• Saving the City: Entries from an Encyclopedia of Calamity Mollifying Devices for the Modern Metropolis
    Elijah Huge

Emergency Exit Lock Patent Drawing, Record # 983,355, February 7, 1911 Henry H. DuPont, Assignor to Von Duprin Fire Exit Latch Co., Indianapolis, Indiana.

Industrialization introduced new threats to the city (electricity, speed, explosives) while also dramatically increasing the scale of historical perils (flood, fire, theft). In turn, these threats gave rise to a field of new products, accessory to conventional building. Negotiating the thresholds between the developing infrastructures of the city and its private spaces, these emergency devices may be understood collectively as a crumple zone intended not to prevent urban disaster but to absorb, limit, and contain its effects. In their early forms, these devices—including the automatic sprinkler, panic bar, emergency light, and theft alarm—were ready for production and deployment on a large scale, without definitive spatial identity, and suitable for use in new or existing construction. Their current ubiquity facilitated by invention, building insurance, and legislation, the integration of these devices into the spatial and psychological landscape of the city is the story of the Encyclopedia.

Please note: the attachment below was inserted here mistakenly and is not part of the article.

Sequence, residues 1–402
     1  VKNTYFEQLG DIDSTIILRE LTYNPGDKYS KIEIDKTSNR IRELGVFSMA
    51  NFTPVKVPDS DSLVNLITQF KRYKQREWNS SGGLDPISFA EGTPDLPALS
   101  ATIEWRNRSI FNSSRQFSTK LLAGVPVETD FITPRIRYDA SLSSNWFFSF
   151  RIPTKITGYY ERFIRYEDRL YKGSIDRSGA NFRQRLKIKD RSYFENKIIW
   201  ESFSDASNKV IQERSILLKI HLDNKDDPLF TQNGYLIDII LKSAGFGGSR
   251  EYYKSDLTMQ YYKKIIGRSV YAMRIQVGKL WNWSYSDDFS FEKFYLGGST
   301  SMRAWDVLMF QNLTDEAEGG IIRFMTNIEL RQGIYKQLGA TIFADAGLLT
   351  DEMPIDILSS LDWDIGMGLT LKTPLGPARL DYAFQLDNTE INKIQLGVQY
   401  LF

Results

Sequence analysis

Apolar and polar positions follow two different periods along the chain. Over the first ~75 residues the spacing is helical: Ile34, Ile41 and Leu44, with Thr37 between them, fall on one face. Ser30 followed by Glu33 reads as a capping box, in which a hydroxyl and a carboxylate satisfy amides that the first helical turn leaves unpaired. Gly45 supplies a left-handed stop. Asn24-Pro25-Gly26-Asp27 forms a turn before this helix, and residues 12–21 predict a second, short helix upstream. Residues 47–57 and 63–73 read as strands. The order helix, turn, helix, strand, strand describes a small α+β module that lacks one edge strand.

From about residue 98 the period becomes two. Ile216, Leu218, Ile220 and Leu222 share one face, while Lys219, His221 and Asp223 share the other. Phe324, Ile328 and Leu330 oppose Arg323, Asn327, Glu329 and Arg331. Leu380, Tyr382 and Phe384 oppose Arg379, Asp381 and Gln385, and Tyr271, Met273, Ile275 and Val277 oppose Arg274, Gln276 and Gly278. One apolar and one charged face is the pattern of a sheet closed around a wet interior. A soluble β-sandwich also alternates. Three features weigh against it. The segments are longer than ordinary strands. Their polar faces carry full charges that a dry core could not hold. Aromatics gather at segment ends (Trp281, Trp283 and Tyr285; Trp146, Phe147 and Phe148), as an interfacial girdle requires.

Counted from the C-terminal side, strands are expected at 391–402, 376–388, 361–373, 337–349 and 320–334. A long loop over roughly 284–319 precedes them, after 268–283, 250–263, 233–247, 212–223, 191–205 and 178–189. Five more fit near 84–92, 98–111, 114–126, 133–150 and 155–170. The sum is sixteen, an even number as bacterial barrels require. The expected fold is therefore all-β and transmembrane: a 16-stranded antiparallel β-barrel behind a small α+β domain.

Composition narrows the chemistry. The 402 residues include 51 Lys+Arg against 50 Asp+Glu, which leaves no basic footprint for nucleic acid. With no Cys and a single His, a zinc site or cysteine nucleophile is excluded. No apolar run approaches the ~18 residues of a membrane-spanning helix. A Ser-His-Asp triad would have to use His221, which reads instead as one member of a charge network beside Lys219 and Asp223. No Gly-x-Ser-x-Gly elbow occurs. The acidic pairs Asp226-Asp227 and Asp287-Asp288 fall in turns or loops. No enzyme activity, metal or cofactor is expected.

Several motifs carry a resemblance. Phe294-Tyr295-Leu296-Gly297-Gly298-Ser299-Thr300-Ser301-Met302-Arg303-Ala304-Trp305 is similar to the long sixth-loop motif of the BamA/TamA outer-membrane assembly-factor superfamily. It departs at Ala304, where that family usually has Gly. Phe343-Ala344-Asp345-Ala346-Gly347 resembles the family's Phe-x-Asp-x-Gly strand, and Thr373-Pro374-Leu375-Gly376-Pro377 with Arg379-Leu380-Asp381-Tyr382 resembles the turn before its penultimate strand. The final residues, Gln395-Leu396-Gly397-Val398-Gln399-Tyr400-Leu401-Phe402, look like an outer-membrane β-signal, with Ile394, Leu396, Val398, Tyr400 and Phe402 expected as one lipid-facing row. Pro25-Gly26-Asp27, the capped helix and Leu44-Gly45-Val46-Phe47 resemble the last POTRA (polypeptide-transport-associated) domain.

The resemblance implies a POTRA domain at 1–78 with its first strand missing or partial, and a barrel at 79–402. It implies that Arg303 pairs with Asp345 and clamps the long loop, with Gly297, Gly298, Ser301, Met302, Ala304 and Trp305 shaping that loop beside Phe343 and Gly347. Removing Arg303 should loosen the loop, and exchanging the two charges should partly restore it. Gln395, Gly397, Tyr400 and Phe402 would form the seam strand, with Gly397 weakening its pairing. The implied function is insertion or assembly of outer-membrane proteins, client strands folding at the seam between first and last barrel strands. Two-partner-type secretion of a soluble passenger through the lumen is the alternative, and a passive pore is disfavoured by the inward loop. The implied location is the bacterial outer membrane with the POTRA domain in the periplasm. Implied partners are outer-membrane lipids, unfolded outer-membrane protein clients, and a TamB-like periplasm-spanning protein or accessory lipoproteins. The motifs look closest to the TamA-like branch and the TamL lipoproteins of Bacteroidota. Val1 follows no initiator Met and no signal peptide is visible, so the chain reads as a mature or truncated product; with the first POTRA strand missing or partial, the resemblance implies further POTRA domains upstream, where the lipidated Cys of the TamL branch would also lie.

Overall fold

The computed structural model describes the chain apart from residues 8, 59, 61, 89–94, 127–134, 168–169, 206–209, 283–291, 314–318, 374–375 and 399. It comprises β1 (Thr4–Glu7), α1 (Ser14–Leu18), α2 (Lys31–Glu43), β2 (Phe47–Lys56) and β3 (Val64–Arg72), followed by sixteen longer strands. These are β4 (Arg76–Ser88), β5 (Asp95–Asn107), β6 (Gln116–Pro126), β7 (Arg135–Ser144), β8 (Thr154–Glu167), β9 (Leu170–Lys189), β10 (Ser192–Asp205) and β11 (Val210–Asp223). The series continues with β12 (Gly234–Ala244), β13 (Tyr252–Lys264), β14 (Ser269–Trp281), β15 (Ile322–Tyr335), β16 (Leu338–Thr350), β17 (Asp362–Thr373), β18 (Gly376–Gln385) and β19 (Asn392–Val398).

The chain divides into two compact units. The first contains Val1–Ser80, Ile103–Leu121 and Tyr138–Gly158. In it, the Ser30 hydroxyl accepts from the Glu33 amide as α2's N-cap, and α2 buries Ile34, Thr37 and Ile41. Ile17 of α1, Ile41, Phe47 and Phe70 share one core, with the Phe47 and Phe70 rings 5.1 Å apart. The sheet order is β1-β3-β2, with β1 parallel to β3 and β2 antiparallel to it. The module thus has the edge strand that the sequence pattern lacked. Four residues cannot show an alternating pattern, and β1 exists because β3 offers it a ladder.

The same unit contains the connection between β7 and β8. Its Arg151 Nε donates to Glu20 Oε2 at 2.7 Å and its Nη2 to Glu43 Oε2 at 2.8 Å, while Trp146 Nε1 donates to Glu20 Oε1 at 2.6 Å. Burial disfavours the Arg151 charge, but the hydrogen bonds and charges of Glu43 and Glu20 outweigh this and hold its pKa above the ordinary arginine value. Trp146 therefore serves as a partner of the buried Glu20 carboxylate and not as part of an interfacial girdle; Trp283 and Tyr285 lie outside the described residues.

Elijah Huge is an architect, director of the design firm Periphery, and assistant professor at Wesleyan University. A graduate of the Yale School of Architecture, he received the AIA Henry Adams Medal and was editor of Perspecta 35: Building Codes. His writings and design work have been featured in Praxis, Thresholds, Perspecta, Architectural Record, Landscape Architecture, Dwell, Journal of Architectural Education, and Competitions. His current scholarly research examines the historical emergence of architectural emergency devices, from the automatic sprinkler head to the Vonduprin panic bar. At Wesleyan, Elijah Huge leads the architecture studio track and the North Studio initiative. Focused on developing and producing research and conceptually driven projects with real-world clients, North Studio is both a locus for undergraduate design education within the context of Wesleyan University's liberal arts curriculum and a laboratory for design research and fabrication.